Growth occurs along the straight-line path from a user selected electrode to a second electrode lying within a ~140° angular range and a ~100 µm radius of the initial electrode (see image). The applied voltage defines a ridge of electric field maxima that extends between the selected electrodes. This ridge serves as an electrochemical growth channel for the wires, analogous to the mechanical channels of templated nanowire-growth techniques. However, this template can be removed by simply switching off the voltage.

By readily attaching nanowires to macroscopic electrode pairs, this technology provides a convenient means of characterizing nanowire-transport properties. Alternatively, targets such as living cells may be located along the growth path prior to growth. DENA may then be used to grow a nanowire into contact with the cell for electrophysiological applications.

DENA is executed by depositing a ~10 µl aliquot of aqueous solution containing the growth material onto lithographically prepared electrode arrays. Growth is induced by applying a square-wave voltage across an electrode-pair and proceeds until the wire bridges the gap or the user terminates the voltage signal. The wire material is changed by swapping growth solutions: a 50 mM In(CH3COO)3 solution was used to grow In wires whereas a 10 mM ethylenedioxy-thiophene was used to grow polythiophene wires.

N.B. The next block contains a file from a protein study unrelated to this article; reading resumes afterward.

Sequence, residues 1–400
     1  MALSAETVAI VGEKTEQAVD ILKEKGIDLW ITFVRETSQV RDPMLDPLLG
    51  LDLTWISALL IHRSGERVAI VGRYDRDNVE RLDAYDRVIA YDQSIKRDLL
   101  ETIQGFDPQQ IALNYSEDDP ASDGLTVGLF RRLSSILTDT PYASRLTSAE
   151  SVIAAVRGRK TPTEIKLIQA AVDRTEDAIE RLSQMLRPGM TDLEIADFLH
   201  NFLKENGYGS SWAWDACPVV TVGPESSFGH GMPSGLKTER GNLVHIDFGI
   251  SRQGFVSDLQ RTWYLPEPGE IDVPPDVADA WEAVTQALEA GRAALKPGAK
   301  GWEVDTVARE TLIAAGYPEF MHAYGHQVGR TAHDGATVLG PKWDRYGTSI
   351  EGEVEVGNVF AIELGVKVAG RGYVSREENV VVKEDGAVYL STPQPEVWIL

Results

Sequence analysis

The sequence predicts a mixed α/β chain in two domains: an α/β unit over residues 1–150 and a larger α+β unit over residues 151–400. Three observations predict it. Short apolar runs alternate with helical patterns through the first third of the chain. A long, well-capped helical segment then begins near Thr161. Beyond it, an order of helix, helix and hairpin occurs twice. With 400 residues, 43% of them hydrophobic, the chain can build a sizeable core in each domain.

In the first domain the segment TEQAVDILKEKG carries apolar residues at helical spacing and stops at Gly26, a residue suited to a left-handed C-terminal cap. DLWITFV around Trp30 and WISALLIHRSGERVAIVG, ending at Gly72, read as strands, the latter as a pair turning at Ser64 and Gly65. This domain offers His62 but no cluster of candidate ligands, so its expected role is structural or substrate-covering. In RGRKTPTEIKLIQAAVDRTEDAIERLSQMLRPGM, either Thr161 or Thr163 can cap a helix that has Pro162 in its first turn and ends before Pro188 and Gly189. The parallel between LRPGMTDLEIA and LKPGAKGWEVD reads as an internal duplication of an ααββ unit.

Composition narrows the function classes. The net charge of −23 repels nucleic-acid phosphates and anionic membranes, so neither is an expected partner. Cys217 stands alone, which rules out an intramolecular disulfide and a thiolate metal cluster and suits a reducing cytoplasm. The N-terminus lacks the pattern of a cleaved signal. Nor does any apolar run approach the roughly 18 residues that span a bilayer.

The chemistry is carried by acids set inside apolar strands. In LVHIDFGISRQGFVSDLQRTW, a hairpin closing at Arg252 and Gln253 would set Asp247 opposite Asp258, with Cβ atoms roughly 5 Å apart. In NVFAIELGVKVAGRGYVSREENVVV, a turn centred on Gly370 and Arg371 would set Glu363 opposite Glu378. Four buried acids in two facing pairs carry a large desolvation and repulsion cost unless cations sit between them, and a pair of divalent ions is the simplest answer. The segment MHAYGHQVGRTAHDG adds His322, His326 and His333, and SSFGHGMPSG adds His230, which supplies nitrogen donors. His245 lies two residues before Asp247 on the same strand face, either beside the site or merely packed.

Electrode kits available by 2010

The range of known DENA-active materials is almost certainly incomplete, so an important future direction is the identification interesting wire-types. The on-chip production of biological filaments, like f-actin or sickle hemoglobin, are current goals. We have recently started the company NanoGenix to fabricate nanoelectrode growth-kits for sale to researchers and educators who require nanowire-growth capabilities. We expect these kits to be available by 2010.

The group published its research in Nanotechnology.